Friday, February 02, 2007

Questions to Accompany a Reading of Chapter Four of Nick's Book, #7

Q30. Nick writes, p.115: “The theorists may have been obscure scribblers, but middle-class arts students heard their ideas before moving on to journalism, publishing, teaching and politics.” Do you think that “the theorists” dominate Humanities education in the United Kingdom in the way in which Nick suggests here? Do you think Nick provides any reason to think that they do? Do you think it would have been helpful if Nick had named the courses and the universities that are most badly afflicted by "the theorists", to help sixth-form readers of his book who might be thinking about their applications to university?

Q31. Nick writes, p.115: “For the sexually voracious it had the further advantage of suiting those who enjoyed to excess the permissive freedoms the Sixties and Seventies had brought, and most definitely did not want others to think that they could be “judgemental” about their behaviour.” How judgmental do you think Nick wants to be about other people’s sexual behaviour?

Q32. Do you think Nick’s view that “What fuelled the anti-globalization movement was a passionate and often well-merited hatred of the rich world in which its supporters lived” [p.116] is well supported?

Q33. Why do you think Nick ignores the contribution that organisations in the developing world – many of them quite large – make and have made, to the anti-globalization movement?

Q34. When Nick mentions [p.117] that anti-globalisation protestors don’t often protest at Chinese Embassies, do you think he is ignoring the fact that one of the constituent parts of the anti-globalisation movement are the Free Tibet people, and that they often seem to be doing this?

Q35. Anti-globalization groups in the “no sweat” line of business often target the Western firms that manufacture goods in appalling conditions abroad. Do you think this is because they think they may be mistakenly thinking that practically effective actions are more important that ineffective displays of "solidarity", or for a different reason?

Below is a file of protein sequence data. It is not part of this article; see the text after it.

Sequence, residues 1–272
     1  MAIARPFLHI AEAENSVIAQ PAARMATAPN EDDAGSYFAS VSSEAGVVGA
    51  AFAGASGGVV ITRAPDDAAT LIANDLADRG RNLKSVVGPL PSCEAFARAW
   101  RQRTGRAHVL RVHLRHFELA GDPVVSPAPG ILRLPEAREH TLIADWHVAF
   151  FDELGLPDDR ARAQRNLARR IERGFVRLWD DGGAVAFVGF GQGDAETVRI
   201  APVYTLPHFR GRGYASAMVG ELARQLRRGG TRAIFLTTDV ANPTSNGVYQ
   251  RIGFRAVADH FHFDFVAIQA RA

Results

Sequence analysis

Q37. When Nick writes [still p.117] that the anti-globalizers “shamefully refused to demonstrate against… the rape of Zimbabwe by Robert Mugabe”, do you think he is ignoring the work of groups like the Crisis in Zimbabwe coalition, who are very much connected to the wider anti-globalization movement, and which is doing a great deal of useful work, especially with regard to the welfare of over a million refugees from Mugabe’s Zimbabwe? Do you think one reason why passages like this in Nick's book particularly piss off this reader is that he might have friends who are active in the anti-globalisation movement, and who have also been politically active in the Zimbabwean opposition at considerable personal risk? Do you think readers like me are really likely to be reading this bit of Nick's book, and nodding along, saying, “Yup, he’s really on to something here”?

2 Comments:

Blogger ejh said...

It is not also both reasonable and bleeding obvious to observe that among the points of political demonstrations are:

1. to alert people to injustices of which they are not aware ; and

2. to attempt to change the position of one's own government?

Therefore, isn't it clear that there is rather more purpose in protesting about something which is not well-known (as Mugabe's abuses are, in the UK) and/or against governments which are supported by one's own (as the Mugabe government is not, in the UK)?

2/02/2007 02:48:00 PM  
Anonymous admin said...

thanks for acknowledging our work at http://www.crisiszimbabwe.org your mention and concern is admirable. stay consciuos.

6/05/2007 09:38:00 PM  

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